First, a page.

Both the cases having Robertsonian translocation in our study were born to mothers in < 30 years age range, which led to our conclusion that translocation variant was least associated with advanced maternal age. Chandra et al., El Gilany et al., Alois et al. and Sotonica et al., in their respective studies also observed translocation to be least associated with advanced maternal age group, compared to other variants, with mean maternal age of translocation group as follows: Chandra et al. -22.83 ± 3.89; El Gilany et al.-26.6 years; Alois et al.-20 years; Sotonica et al.-28 years. Our findings were thus in accordance with all the above studies.

On the other hand, Kolgeci et al. [13] in their cytogenetic study on DS cases in Prishtina, did not observe any effect of mother’s advanced age on prevalence of translocation variant of DS children [13].

Although most of the previous studies observed advanced maternal age as the principal risk factor for DS, but study conducted by Roy et al. [14] in Kolkata showed many DS babies born to the younger mothers (21-25 years of age) while only a few cases were associated with maternal age of >40 years [14]. The reason behind young mothers giving birth to more number of DS children is not clearly understood, but one of the possibilities could be the ovaries being biologically older than their real age in younger mothers [5]. Another contributory factor could be females getting married at an earlier age [15]. Some harmful practices like alcohol intake, tobacco smoking and drugs also seem to affect young females of reproductive age group very easily. Lesser hours of sleep, improper diet and unwanted pregnancies are some of the factors which are exclusively seen in younger mothers [7].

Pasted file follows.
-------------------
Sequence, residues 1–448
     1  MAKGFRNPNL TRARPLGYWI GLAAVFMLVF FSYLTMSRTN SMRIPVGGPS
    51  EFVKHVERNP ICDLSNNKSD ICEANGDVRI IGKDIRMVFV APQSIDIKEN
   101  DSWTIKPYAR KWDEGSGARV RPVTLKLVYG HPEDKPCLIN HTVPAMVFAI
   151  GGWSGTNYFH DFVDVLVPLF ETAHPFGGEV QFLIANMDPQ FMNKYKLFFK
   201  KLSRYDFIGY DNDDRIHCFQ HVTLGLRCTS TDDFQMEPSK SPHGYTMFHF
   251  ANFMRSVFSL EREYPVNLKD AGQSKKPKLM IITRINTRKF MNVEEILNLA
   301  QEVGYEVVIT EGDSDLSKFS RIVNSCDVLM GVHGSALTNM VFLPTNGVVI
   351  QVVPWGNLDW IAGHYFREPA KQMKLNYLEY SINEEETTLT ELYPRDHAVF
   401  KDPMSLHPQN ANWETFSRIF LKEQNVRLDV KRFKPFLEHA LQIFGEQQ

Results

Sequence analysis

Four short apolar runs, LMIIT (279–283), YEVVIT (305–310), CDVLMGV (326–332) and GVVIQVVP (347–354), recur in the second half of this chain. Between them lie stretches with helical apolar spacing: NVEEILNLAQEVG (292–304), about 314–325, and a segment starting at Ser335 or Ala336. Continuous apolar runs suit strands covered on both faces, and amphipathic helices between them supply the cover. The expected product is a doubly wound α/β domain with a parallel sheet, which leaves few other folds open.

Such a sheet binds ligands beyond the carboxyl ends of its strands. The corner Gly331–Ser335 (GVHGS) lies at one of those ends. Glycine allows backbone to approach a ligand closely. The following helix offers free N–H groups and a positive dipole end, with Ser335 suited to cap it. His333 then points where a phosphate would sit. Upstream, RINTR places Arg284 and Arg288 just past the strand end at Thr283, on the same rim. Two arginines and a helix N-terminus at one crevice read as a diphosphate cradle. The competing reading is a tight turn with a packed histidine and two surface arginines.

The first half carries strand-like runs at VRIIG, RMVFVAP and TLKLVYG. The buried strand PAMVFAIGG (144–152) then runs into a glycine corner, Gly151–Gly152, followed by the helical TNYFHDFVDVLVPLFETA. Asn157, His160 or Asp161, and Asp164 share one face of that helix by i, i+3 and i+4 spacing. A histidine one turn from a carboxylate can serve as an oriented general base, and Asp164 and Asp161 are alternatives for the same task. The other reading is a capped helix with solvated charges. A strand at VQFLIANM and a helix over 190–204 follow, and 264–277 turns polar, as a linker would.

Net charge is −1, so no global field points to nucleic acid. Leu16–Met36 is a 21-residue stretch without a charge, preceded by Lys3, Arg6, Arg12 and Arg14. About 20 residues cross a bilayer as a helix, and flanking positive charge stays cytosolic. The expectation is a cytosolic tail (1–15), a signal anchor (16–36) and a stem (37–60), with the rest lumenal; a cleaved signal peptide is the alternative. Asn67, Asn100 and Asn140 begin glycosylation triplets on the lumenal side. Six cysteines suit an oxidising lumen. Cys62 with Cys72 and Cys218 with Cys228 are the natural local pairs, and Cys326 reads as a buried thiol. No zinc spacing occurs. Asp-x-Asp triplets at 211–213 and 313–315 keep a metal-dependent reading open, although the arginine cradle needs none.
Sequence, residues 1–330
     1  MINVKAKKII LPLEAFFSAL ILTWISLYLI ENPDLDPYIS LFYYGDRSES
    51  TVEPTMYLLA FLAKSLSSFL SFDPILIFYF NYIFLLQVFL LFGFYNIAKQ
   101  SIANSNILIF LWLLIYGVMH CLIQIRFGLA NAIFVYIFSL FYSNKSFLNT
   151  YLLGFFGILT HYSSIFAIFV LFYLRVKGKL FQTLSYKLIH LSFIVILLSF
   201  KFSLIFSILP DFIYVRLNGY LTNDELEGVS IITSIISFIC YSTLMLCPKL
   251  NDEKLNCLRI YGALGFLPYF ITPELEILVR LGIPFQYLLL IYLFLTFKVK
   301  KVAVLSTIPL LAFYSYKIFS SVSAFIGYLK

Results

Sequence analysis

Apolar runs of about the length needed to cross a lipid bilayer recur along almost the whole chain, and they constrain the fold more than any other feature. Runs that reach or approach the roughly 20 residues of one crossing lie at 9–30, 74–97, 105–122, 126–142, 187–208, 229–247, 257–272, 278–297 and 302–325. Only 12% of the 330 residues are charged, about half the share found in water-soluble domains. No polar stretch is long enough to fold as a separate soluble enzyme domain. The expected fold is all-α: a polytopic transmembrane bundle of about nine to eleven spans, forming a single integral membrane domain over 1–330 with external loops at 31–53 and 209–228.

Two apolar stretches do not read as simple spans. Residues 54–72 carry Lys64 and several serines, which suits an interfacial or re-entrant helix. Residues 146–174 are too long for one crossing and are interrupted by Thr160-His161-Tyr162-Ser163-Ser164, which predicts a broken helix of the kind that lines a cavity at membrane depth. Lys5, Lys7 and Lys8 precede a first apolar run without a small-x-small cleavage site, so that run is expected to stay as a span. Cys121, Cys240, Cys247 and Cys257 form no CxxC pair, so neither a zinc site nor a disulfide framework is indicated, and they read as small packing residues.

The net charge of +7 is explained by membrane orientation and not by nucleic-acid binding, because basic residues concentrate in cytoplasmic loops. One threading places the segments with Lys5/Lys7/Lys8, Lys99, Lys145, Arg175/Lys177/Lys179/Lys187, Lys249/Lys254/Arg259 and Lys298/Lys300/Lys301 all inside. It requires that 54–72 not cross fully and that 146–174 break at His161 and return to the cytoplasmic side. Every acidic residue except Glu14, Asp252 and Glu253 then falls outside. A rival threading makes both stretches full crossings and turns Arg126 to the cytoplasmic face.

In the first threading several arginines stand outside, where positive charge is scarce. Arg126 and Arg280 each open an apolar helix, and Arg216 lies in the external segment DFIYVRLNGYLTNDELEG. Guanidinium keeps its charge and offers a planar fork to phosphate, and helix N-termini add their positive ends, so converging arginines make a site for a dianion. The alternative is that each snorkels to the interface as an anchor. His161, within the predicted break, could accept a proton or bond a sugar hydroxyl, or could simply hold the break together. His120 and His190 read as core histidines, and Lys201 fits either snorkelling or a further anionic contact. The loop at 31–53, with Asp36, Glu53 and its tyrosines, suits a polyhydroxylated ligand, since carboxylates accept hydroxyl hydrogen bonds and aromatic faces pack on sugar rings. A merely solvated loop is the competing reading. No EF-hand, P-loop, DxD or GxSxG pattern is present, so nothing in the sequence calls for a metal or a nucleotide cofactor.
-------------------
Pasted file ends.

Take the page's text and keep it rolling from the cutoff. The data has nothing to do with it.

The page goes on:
The most common cytogenetic variant of DS among the North Indian population is free trisomy. Advanced maternal age is one of the many risk factors associated with Down’s syndrome. In this study, advanced maternal age was seen to be more closely associated with mosaic variant followed by free trisomy. Translocation variant was least associated with advanced maternal age or we can say, it was associated with comparatively younger maternal age group. Limiting the number of pregnancies for mothers with advanced age can decrease the incidence of DS. Antenatal screening for DS, use of advanced medical tests for suspected cases and genetic counselling can help in lowering the burden of DS in society.


We wish to thank faculty and residents of Paediatrics Department for the permission to collect blood samples from the suspected patients. We would also like to thank Dr. Brijesh kumar, Dr. Priyanka Pandey and other seniors for their valuable suggestions and help.